The nervous energy subsided as they called him back in to congratulate him on making it into the regiment. He’s now been with the 75th Ranger Regiment for the last two years, getting a little taste of the experience his grandfather got.

“It was a really cool opportunity to wear a similar scroll that my grandfather wore,” he said. “It was kind of a full circle moment for me. It’s been everything I thought it would be and more.”

Maj. Jack Gibson stands with John Wardell, the last living member of the 2nd Ranger Battalion from World War II., during an 80th anniversary D-Day commemoration. Gibson's grandfather served in the same unit during the war and inspired him to become an Army Ranger.
1 / 5 Show Caption + Hide Caption – Maj. Jack Gibson stands with John Wardell, the last living member of the 2nd Ranger Battalion from World War II., during an 80th anniversary D-Day commemoration. Gibson's grandfather served in the same unit during the war and inspired him to become an Army Ranger. (Photo Credit: Courtesy photo by Maj. Jack Gibson) VIEW ORIGINAL
U.S. Army Soldiers, stand at parade rest during a ceremony in Normandy, France, June 2, 2024. This year marks the 80th anniversary of Operation Overlord.
2 / 5 Show Caption + Hide Caption – U.S. Army Soldiers, stand at parade rest during a ceremony in Normandy, France, June 2, 2024. This year marks the 80th anniversary of Operation Overlord. (Photo Credit: U.S. Army photo by Sgt. Paul Won) VIEW ORIGINAL
U.S. Army Rangers, assigned to the 75th Ranger Regiment, tour the Normandy American Ceremony, in Normandy, France, June 2, 2024. This year marks the 80th anniversary of Operation Overlord.
3 / 5 Show Caption + Hide Caption – U.S. Army Rangers, assigned to the 75th Ranger Regiment, tour the Normandy American Ceremony, in Normandy, France, June 2, 2024. This year marks the 80th anniversary of Operation Overlord. (Photo Credit: U.S. Army Photo by Sgt. Landon Carter) VIEW ORIGINAL
U.S. Army Rangers assigned to the 75th Ranger Regiment conduct Physical training on June 2, 2024, in honor of the Rangers who fought in Operation Overlord in Normandy, France. This year marks the 80th anniversary of D-Day.
4 / 5 Show Caption + Hide Caption – U.S. Army Rangers assigned to the 75th Ranger Regiment conduct Physical training on June 2, 2024, in honor of the Rangers who fought in Operation Overlord in Normandy, France. This year marks the 80th anniversary of D-Day. (Photo Credit: U.S. Army photo by Sgt. Jonathan Bryson) VIEW ORIGINAL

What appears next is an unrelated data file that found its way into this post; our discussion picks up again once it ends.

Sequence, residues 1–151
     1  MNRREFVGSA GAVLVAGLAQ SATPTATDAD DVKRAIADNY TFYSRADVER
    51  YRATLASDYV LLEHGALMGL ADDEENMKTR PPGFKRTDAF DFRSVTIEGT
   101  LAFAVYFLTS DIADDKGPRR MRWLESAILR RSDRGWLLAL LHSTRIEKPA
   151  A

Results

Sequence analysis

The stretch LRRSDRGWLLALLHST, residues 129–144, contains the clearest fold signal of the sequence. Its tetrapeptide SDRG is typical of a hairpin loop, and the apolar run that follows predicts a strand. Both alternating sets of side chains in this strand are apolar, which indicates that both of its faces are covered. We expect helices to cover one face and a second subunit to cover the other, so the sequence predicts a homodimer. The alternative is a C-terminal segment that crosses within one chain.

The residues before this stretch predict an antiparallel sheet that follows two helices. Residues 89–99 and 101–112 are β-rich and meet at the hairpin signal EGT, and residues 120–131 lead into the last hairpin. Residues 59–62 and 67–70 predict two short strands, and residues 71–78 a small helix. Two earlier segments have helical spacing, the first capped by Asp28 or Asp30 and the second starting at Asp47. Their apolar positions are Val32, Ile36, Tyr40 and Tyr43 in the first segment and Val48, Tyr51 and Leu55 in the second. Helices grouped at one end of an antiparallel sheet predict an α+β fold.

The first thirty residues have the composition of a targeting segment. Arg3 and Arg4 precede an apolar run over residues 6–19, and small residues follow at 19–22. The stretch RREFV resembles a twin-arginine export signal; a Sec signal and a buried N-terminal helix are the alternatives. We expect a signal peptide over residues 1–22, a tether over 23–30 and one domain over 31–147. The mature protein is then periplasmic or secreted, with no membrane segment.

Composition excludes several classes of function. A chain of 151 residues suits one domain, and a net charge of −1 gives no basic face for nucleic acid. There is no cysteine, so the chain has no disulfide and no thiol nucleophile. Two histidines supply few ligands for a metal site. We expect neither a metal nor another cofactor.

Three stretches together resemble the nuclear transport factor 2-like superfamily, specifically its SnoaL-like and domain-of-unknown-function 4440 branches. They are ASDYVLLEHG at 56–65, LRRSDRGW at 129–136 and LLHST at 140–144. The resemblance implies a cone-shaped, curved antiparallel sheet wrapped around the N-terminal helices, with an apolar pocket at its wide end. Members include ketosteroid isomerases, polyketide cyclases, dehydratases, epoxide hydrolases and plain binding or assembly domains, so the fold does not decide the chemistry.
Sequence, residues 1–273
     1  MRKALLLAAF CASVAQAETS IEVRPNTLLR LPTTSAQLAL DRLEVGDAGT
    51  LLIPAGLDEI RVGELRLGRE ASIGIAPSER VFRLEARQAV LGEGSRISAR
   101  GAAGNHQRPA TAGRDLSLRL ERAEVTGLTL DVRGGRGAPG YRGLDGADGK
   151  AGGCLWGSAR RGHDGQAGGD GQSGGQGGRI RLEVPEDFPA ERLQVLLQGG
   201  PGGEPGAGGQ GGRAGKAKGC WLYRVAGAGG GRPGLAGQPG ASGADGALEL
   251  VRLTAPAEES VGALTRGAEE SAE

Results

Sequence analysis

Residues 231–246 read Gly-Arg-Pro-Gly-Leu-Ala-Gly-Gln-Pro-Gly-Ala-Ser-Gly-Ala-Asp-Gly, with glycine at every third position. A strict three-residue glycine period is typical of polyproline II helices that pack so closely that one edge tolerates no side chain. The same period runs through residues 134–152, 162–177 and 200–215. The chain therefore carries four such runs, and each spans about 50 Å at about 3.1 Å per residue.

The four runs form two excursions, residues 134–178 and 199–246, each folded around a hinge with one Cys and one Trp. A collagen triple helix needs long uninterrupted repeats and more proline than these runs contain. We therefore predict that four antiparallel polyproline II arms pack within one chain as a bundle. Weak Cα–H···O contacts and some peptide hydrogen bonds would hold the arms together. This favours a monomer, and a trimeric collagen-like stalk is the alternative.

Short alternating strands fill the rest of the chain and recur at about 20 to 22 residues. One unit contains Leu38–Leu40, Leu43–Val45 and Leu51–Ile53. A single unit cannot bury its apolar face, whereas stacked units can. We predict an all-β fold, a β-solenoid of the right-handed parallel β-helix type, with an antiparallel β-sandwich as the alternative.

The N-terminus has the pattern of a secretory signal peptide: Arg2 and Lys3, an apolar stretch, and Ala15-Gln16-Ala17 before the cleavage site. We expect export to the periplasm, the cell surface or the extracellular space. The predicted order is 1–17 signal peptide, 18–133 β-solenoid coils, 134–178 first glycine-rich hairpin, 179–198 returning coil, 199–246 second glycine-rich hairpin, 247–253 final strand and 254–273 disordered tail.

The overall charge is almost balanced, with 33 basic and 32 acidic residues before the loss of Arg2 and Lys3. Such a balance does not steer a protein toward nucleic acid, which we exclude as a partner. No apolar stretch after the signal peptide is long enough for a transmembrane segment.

World War II-era vehicles drive through Sainte-Mère-Église to commemorate war efforts as part of D-Day 80 festivities June 2, 2024. Service members, civilians, veterans, and dignitaries have gathered throughout the region to celebrate the events of June 6, 1944, when Allied efforts pushed through German defenses to begin the liberation of Europe. Commemorative events such as these serve to honor the sacrifices U.S. service members made 80 years ago in securing peace and security, and inspiring future generations to value a collective vision of global peace.
5 / 5 Show Caption + Hide Caption – World War II-era vehicles drive through Sainte-Mère-Église to commemorate war efforts as part of D-Day 80 festivities June 2, 2024. Service members, civilians, veterans, and dignitaries have gathered throughout the region to celebrate the events of June 6, 1944, when Allied efforts pushed through German defenses to begin the liberation of Europe. Commemorative events such as these serve to honor the sacrifices U.S. service members made 80 years ago in securing peace and security, and inspiring future generations to value a collective vision of global peace. (Photo Credit: U.S. Army photo by Sgt. 1st Class Timothy L. Beery) VIEW ORIGINAL

Topping it all off, Gibson is getting a first-hand look at some of the places where his grandfather fought in France while participating in the 80th anniversary of D-Day commemoration. He’s jumping out of a WWII-era C-47 Skytrain and supporting several ceremonies during the week.

“I’ll certainly never know what he was feeling [during the war,] but literally being able to walk in the same steps as him will be a very revealing experience for me,” he said. “I’m looking forward to it and just plan on soaking in the opportunity.”

RELATED LINKS:

Normandy welcomes World War II Heroes

The Rangers of WWII: Leading the way for future generations